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In the 4th quarter of 2013, we sold four non-strategic facilities in Ohio, Florida (2), and Virginia for net proceeds of approximately $11.7 million resulting in a gain of approximately 2.4 million. In July and August of 2012, the Company sold 17 non-strategic storage facilities in Maryland (1), Michigan (4) and Texas (12) for net proceeds of approximately $47.7 million resulting in a gain of approximately $4.5 million. The 2013 and 2012 operations of these facilities are reported in income from discontinued operations for all periods presented. YEAR ENDED DECEMBER 31, 2012 COMPARED TO YEAR ENDED DECEMBER 31, 2011 We recorded rental revenues of $217.9 million for the year ended December 31, 2012, an increase of $29.5 million or 15.7% when compared to 2011 rental revenues of $188.4 million. Of the increase in rental revenue, $10.8 million resulted from a 5.9% increase in rental revenues at the 329 core properties considered in same store sales (those properties included in the consolidated results of operations since January 1, 2011, excluding the one property we developed in 2009 and the 21 properties we sold in 2012 and 2013). The increase in same store rental revenues was a result of a 520 basis point increase in average occupancy which was offset by a 1.4% decrease in rental income per square foot. The remaining increase in rental revenue of $18.8 million resulted from the continued lease-up of our Richmond, Virginia property constructed in 2009 and the revenues from the acquisition of 57 properties completed in 2011 and 2012. Other operating income, which includes merchandise sales, insurance commissions, truck rentals, management fees and acquisition fees, increased by $3.7 million for the year ended December 31, 2012 compared to 2011 primarily as a result of increased commissions earned on customer insurance and from having a full year of fees for managing the properties in the joint venture (Sovran HHF Storage Holdings II LLC) which began operations in July 2011. We also earned a $0.1 million acquisition fee from this joint venture in 2012 compared to an acquisition fee of $0.7 million earned from the joint venture in 2011. Property operations and maintenance expenses increased $3.4 million or 6.5% in 2012 compared to 2011. The 329 core properties considered in the same store pool experienced a $1.1 million or 2.3% decrease in operating expenses as a result of lower utilities due to a mild winter and energy savings initiatives. The same store pool also benefited from reduced yellow page advertising expense and reduced credit card fees. The decrease in same store operating expenses was offset by the $4.5 million increase in operating expenses resulting from the 57 properties acquired in 2011 and 2012. Real estate tax expense increased $2.9 million as a result of a 2.3% increase in property taxes on the 329 same store pool and the inclusion of taxes on the properties acquired in 2012 and 2011. Our 2012 same store results consist of only those properties that were included in our consolidated results since January 1, 2011, excluding the one property we developed in 2009 and the 21 properties we sold in 2012 and 2013. The following table sets forth operating data for our 329 same store properties. These results provide information relating to property operating changes without the effects of acquisition. Same Store Summary Year ended December 31, Percentage (dollars in thousands) 2012 2011 Change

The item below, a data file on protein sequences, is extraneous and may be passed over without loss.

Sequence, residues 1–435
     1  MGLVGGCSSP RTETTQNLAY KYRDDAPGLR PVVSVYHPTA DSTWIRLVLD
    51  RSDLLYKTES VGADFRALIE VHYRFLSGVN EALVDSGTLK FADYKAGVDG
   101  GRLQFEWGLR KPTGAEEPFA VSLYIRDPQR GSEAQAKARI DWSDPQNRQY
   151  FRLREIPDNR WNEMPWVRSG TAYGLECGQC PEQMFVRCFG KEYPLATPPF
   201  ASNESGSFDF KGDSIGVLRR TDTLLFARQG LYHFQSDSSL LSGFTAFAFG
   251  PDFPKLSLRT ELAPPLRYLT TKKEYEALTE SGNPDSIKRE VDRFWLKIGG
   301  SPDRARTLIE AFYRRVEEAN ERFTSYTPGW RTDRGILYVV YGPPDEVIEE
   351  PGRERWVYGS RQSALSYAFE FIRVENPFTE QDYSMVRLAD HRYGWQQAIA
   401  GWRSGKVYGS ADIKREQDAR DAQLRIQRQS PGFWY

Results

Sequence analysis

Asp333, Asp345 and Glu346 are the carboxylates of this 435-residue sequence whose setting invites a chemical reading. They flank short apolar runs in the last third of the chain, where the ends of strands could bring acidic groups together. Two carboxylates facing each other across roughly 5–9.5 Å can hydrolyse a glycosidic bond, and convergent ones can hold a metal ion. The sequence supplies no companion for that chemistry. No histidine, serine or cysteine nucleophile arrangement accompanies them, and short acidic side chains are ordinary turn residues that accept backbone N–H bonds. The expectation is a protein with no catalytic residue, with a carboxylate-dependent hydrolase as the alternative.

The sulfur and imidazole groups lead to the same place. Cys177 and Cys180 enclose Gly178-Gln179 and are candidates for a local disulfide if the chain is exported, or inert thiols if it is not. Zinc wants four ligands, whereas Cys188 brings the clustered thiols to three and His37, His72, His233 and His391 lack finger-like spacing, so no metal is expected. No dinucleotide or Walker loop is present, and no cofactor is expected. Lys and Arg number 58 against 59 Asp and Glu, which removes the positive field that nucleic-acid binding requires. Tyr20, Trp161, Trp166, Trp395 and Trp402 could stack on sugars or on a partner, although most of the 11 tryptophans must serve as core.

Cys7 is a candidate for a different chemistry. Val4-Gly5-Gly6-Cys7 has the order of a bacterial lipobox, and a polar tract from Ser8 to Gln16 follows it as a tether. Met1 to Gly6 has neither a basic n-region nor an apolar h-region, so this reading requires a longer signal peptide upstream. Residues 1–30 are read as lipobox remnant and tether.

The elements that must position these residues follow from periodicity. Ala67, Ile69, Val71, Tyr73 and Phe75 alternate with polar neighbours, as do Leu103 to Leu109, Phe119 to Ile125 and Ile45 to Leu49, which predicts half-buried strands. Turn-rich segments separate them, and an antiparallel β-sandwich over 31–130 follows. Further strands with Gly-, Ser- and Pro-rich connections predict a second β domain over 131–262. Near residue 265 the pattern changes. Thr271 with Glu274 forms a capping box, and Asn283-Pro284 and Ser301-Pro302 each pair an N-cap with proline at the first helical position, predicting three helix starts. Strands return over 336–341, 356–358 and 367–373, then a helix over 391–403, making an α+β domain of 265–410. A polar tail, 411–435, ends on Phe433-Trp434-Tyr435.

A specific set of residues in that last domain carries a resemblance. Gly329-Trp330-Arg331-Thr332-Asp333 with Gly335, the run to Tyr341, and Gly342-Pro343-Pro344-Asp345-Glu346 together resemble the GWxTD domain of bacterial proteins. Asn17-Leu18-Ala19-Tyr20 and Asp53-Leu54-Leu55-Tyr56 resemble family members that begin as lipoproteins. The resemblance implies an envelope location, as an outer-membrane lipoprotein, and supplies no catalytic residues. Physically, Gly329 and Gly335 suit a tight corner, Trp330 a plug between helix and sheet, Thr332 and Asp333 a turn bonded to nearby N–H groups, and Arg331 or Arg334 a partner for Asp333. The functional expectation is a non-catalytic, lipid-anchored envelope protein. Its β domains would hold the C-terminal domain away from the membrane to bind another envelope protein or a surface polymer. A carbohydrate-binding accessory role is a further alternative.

Same store rental income $ 193,179$ 182,424 5.9 % Same store other operating income 10,088 8,774 15.0 % Total same store operating income 203,267 191,198 6.3 % Payroll and benefits 20,479 20,088 1.9 % Real estate taxes 18,836 18,417 2.3 % Utilities 8,236 8,713 -5.5 % Repairs and maintenance 7,676 7,329 4.7 % Office and other operating expenses 7,568 7,800 -3.0 % Insurance 2,953 2,926 0.9 % Advertising and yellow pages 1,632 2,820 -42.1 % Total same store operating expenses 67,380 68,093 -1.0 % Same store net operating income $ 135,887$ 123,105 10.4 % 28